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Welcome to The Visible Embryo, a comprehensive educational resource on human development from conception to birth.

The Visible Embryo provides visual references for changes in fetal development throughout pregnancy and can be navigated via fetal development or maternal changes.

The National Institutes of Child Health and Human Development awarded Phase I and Phase II Small Business Innovative Research Grants to develop The Visible Embryo in 1993 as a first generation internet teaching tool consolidating human embryology teaching for first year medical students.

Today, The Visible Embryo is linked to over 600 educational institutions and is viewed by more than 1 million visitors each month. The field of early embryology has grown to include the identification of the stem cell as not only critical to organogenesis in the embryo, but equally critical to organ function and repair in the adult human.

The identification and understanding of genetic malfunction, inflammatory responses, and the progression in chronic disease, begins with a grounding in primary cellular and systemic functions manifested in the study of the early embryo.


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Pregnancy Timeline by SemestersFemale Reproductive SystemFertilizationThe Appearance of SomitesFirst TrimesterSecond TrimesterThird TrimesterFetal liver is producing blood cellsHead may position into pelvisBrain convolutions beginFull TermWhite fat begins to be madeWhite fat begins to be madeHead may position into pelvisImmune system beginningImmune system beginningPeriod of rapid brain growthBrain convolutions beginLungs begin to produce surfactantSensory brain waves begin to activateSensory brain waves begin to activateInner Ear Bones HardenBone marrow starts making blood cellsBone marrow starts making blood cellsBrown fat surrounds lymphatic systemFetal sexual organs visibleFinger and toe prints appearFinger and toe prints appearHeartbeat can be detectedHeartbeat can be detectedBasic Brain Structure in PlaceThe Appearance of SomitesFirst Detectable Brain WavesA Four Chambered HeartBeginning Cerebral HemispheresEnd of Embryonic PeriodEnd of Embryonic PeriodFirst Thin Layer of Skin AppearsThird TrimesterDevelopmental Timeline
Click weeks 0 - 40 and follow fetal growth
Search artcles published since 2007

December 5, 2012--------News Archive Return to: News Alerts


These are endothelial cells derived by indirect lineage
conversion from human fibroblasts (skin cells).

Cell nuclei are in blue
Proteins that are hallmarks of endothelial cells are green and red.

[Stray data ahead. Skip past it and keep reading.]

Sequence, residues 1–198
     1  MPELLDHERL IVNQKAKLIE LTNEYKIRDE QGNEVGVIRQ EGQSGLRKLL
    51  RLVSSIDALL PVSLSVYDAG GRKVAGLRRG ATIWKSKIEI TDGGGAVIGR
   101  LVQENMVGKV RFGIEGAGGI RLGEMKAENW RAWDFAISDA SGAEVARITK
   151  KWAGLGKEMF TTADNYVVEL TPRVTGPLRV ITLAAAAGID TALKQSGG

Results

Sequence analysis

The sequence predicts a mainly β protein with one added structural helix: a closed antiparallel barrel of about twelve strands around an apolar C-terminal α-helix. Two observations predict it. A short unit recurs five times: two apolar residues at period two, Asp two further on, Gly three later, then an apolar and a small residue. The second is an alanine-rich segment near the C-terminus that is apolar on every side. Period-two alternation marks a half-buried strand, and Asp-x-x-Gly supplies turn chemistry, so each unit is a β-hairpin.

WHO Child Growth Charts

       


Salk Scientists Develop Faster, Safer Production of Stem Cells

The new method boosts cell yields and increases safety, helping to get another step closer to regenerative medicine

A new method for generating stem cells from mature cells promises to boost stem cell production in the laboratory, helping to remove a barrier to regenerative medicine therapies that would replace damaged or unhealthy body tissues.


The technique, developed by researchers
at the Salk Institute for Biological Studies,
allows for the unlimited production of
stem cells and their derivatives as well as
reduces production time by more than half,
from nearly two months to two weeks.


"One of the barriers that needs to be overcome before stem cell therapies can be widely adopted is the difficulty of producing enough cells quickly enough for acute clinical application," says Ignacio Sancho-Martinez, one of the first authors of the paper and a postdoctoral researcher in the laboratory of Juan Carlos Izpisua Belmonte, the Roger Guillemin Chair at the Salk Institute.

They and their colleagues, including Fred H. Gage, professor in Salk's Laboratory of Genetics, have published a new method for converting cells in this week's Nature Methods.

Stem cells are valued for their "pluripotency," the ability to become nearly any cell in the body. Stem cells for research and clinical uses are derived in two ways, either directly from cells young enough to still be pluripotent, or from mature cells that have been "reprogrammed" to be pluripotent.

The first kind are called "embryonic stem cells," (ESCs) even though the term is a misnomer. They are actually taken from blastocysts, the hollow bundle of cells approximately the size of a tip of a pin that is formed by a fertilized egg after five days of cell division. After a blastocyst implants in the uterus, the embryo stage begins.


Aside from the well-known ethical controversies,
ESCs have a less discussed problem:
Tissues grown from ESCs may trigger immune
reactions when they are transplanted into patients.

In order to overcome both ethical and medical
concerns, scientists learned how to coax mature cells
(called "somatic cells") that had differentiated into
particular types of tissue back to their pluripotent state.

These so-called "induced pluripotent stem cells,"
or iPSCs, set off whole new rounds of research,
including a third way to get desired cell types.

As it turns out, iPSCs have their own problems.